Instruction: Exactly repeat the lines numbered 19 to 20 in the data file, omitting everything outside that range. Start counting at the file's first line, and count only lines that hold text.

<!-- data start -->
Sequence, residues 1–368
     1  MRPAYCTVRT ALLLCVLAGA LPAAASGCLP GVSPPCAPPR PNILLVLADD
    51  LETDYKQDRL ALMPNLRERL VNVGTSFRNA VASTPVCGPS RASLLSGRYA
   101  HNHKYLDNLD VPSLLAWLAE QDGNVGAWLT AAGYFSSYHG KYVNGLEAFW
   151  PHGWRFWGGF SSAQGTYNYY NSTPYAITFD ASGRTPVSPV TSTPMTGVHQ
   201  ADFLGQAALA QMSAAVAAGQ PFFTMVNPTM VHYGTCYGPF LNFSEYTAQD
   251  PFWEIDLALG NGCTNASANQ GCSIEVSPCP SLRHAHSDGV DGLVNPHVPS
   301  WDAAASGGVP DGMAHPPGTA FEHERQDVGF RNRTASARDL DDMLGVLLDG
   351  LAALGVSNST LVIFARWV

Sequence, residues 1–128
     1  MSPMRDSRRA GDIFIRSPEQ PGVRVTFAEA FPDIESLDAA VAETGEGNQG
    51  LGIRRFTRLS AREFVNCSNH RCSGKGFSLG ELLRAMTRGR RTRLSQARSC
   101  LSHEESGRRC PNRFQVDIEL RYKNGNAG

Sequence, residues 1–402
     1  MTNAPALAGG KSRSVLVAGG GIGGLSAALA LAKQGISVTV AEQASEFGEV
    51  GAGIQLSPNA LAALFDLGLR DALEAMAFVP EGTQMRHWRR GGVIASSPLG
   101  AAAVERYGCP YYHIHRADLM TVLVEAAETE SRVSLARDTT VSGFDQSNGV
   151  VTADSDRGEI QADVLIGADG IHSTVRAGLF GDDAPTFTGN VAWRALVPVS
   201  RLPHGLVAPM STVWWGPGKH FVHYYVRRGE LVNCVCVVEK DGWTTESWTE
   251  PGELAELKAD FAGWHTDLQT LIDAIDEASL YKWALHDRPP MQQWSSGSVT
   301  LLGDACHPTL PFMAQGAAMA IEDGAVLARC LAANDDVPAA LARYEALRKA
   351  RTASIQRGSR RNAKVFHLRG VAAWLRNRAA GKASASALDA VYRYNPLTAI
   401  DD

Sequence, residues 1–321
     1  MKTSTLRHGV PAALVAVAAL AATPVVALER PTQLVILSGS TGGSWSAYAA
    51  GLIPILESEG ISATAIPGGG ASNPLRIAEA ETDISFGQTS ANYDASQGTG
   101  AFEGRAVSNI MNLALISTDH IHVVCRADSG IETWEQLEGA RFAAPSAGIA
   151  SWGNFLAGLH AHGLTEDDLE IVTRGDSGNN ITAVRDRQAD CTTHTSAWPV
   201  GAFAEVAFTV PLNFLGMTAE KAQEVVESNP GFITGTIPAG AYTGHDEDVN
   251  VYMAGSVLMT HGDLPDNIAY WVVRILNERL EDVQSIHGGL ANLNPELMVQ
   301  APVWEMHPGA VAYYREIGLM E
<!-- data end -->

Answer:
   201  RLPHGLVAPM STVWWGPGKH FVHYYVRRGE LVNCVCVVEK DGWTTESWTE
   251  PGELAELKAD FAGWHTDLQT LIDAIDEASL YKWALHDRPP MQQWSSGSVT